International

Coronavirus: Spanish PM promises to ease confinement of children

The details still have to be worked out but the prime minister agrees children need to have fresh air

Spanish children have been kept at home since 14 March, under strict measures to curb the spread of Covid-19.

Now Prime Minister Pedro Sánchez aims to relax the rule on 27 April so they can “get some fresh air”.

Barcelona Mayor Ada Colau, who has young children herself, this week pleaded with the government to allow children outside.

Spain has seen more than 20,000 deaths since the start of the pandemic and almost 200,000 reported cases.

In a televised briefing on Saturday evening, Mr Sánchez said Spain had left behind “the most extreme moments and contained the brutal onslaught of the pandemic”.

But he said he would ask parliament to extend Spain’s state of alarm to 9 May as the achievements made were “still insufficient and above all fragile” and could not be jeopardised by “hasty decisions”.

Growing pressure to ease lockdown

Guy Hedgecoe

Spain’s latest coronavirus figures appear to confirm the virus’s downward curve, given that at one point earlier this month the country was recording nearly 1,000 deaths each day.

Also, the number of daily new infections appears to have stabilised. Although the health ministry has warned that weekend figures can be misleading because of a delay by local authorities in reporting data, the apparently improving picture will further encourage calls for the lifting of certain restrictions.

There has been growing social and political pressure on Prime Minister Sánchez to allow children, in particular, to go outside. Opposition leader Pablo Casado tweeted that “these little heroes are climbing the walls” after more than a month of not being allowed out beyond the confines of their homes.

However, a poll published by 40dB for El País reported that 59% of those asked thought that the lockdown should be maintained as it is for the time being.

Another 410 deaths were reported on Sunday – fewer than Saturday. The latest toll is well down from the peak of the pandemic, and the government allowed some non-essential workers to resume construction and manufacturing last Monday.

However, the main lockdown measures remain in place, with adults only allowed out to visit food shops and pharmacies or work considered essential. Children have been barred from going outside their homes completely.

Spain’s eight million children have already spent five weeks in confinement and there has been growing unease at the risk to their health.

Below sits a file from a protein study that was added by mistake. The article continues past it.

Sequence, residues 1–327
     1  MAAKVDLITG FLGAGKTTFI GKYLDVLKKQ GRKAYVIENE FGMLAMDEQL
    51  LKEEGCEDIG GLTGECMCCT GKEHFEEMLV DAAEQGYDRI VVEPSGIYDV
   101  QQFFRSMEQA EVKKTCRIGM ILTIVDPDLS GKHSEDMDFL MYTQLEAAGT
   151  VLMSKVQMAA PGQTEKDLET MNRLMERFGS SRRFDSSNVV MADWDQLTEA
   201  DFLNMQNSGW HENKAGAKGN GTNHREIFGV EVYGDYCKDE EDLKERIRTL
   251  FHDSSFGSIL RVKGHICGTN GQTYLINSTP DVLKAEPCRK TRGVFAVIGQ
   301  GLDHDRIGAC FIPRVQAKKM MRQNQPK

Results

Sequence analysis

Pedro Sánchez gives a briefing on 18 April
Pedro Sánchez reacted to growing criticism of the decision to keep children indoors since 14 March

The Spanish Children’s Rights Coalition has warned of mental and physical health problems for children as a result of such measures and called for boys and girls to be allowed outside to play and do some physical activity.

“These children need to get out,” the Barcelona mayor demanded. “Wait no more: Free our children!”

Other countries such as Denmark have begun opening up schools for under-11s while Norway is set to reopen kindergartens on Monday. Germany will reopen some schools on 4 May although the most populous state will begin opening up from Monday.

Sweden has kept its schools open throughout the crisis. However, none of these countries has been as badly hit by the virus as Spain.

Ada Colau photographed in a face mask
The mayor of Barcelona said that like other parents she worried about the “psychological and emotional health” of her children

From a week on Monday, the prime minister said, children will be allowed out but he added that he had not yet decided how it would be organised and it would have to be “limited and subject to conditions to avoid contagion”.

“The proposal is that starting from 27 April they have the opportunity to leave their homes and for a while in the day they get to enjoy fresh air,” he said, without specifying for how long that would be.

Mr Sánchez said he would discuss the details of easing the restrictions with regional leaders on Sunday and following the advice of paediatricians. Reports said the relaxation would only apply to under-12s but that has not been confirmed.

He accepted that many children were living in homes of 40-50 sq m (430-540 sq ft) in size and that the youngest would be allowed out in the street.